Wendi and nine of her 11 siblings during their family reunion in May 2021 in Arlington, TX.
For many African Americans, summer is all about the family reunion! Relatives – usually multiple generations of them – gather from all corners of the globe, wearing matching T-shirts that display the names of their ancestors. These ancestors are the foundation – responsible for all these beautiful offspring. This year will likely have more meaning than ever, as African American families suffered more significant loss and illness during the COVID-19 pandemic than any other population in the United States.
The family reunion acts as a healing balm and comfort food for the family’s soul after long stretches of separation. Though the menu may not include the healthiest “secondary food” options, it serves its purpose by integrating primary food – the IIN core concept that things in our life other than the food on our plate nourish us and impact our emotional and spiritual well-being, such as relationships, environment, joy, etc.
It’s the perfect time for that one beloved uncle to break out the grill, tie an apron over his ample belly, and declare himself the “King of All Chefs.” The full menu consists of ribs, chicken, cornbread, mac and cheese, crabs, green beans, and collard greens. Many of the recipes are family heirlooms that have been passed down through generations. And many jokes have been told about that inedible bowl of potato salad and the poor cook who was never allowed to live it down.
Adults play dominoes and spades, the little ones excitedly play tag with their cousins, and the teens kick off a dance contest, the elders joining in with their different variations on popular dances.
Over the past century, this much-anticipated reunion has been a sacred gathering, amplifying the strength of the African American family. The food, hugs, kisses, laughter, and sharing of memories of a time gone by create a long-lasting ripple effect of heart-healing and enhanced connections. The elders share stories with the younger generation of how the family has survived and thrived in the often hostile atmosphere of the United States.
African American family reunions date back to emancipation. Formerly enslaved people would place advertisements in newspapers in search of missing family members. Between 1915 and 1940, the Great Migration saw nearly four million African Americans move from the South to the North; this shift greatly inspired the family reunions we hold today. During these gatherings, extended family was significant as families had been separated and formed new kinship ties in bondage.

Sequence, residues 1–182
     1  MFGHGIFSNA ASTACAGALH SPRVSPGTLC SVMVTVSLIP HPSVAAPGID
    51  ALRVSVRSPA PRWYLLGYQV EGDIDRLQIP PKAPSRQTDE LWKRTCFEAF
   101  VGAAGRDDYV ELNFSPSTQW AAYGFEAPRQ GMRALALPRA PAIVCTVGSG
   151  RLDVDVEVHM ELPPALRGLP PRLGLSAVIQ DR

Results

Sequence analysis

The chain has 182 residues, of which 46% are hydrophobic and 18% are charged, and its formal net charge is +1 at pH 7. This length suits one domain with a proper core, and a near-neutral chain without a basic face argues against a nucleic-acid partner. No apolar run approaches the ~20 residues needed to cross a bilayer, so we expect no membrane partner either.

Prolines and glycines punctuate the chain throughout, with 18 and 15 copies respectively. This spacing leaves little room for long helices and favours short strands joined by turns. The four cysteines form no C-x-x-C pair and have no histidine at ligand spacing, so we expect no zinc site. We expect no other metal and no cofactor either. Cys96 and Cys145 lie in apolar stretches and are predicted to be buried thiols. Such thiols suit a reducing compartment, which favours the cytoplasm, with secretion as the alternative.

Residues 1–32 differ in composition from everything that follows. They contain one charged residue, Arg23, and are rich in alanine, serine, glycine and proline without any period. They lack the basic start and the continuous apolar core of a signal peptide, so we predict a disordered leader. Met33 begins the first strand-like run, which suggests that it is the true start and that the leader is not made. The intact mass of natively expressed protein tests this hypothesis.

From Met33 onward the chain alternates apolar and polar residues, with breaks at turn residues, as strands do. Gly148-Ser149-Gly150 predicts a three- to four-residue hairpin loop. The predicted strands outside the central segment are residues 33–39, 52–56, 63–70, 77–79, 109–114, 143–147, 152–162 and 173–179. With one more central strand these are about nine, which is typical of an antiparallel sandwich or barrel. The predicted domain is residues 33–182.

Family reunions are the perfect time to gather resources, including capturing and disseminating information regarding family health histories. It also allows families to piece together lost parts of their identity. Usually, one family member holds all the essential documents, including the heirloom bible containing the meticulous research of the family genealogy.
Thankfully, the latest genetic DNA technology from africanancestry.com, explicitly created for African Americans, can pinpoint not only country of origin but ethnic group. Access to this information has been game-changing for families of African descent, the original victims of identity theft after being kidnapped from Africa more than 400 years ago.
These reunions offer community and a heaping helping of primary food after the long separation of families due to COVID-19. Ensuring you’re getting enough primary food – as safely as possible – has been shown to improve both mental and physical well-being.
Are you planning your family’s next gathering? Try some time-tested recipes from The Black Family Reunion Cookbook organized by the National Council of Negro Women (NCNW). NCNW is the creator of the three-day Black Family Reunion Celebration, a cultural event bringing consumers, corporations, and communities together to focus on the historic strengths and values of the Black family.
And what’s a family reunion without a summer soundscape? Check out some of my favorite songs of summer from this Family Reunion Playlist.
DJ Jazzy Jeff and the Fresh Prince, “Summertime”
The O’Jays, “Family Reunion”
Jill Scott, “Family Reunion”
Sister Sledge, “We Are Family”
Nina Simone, “Feeling Good”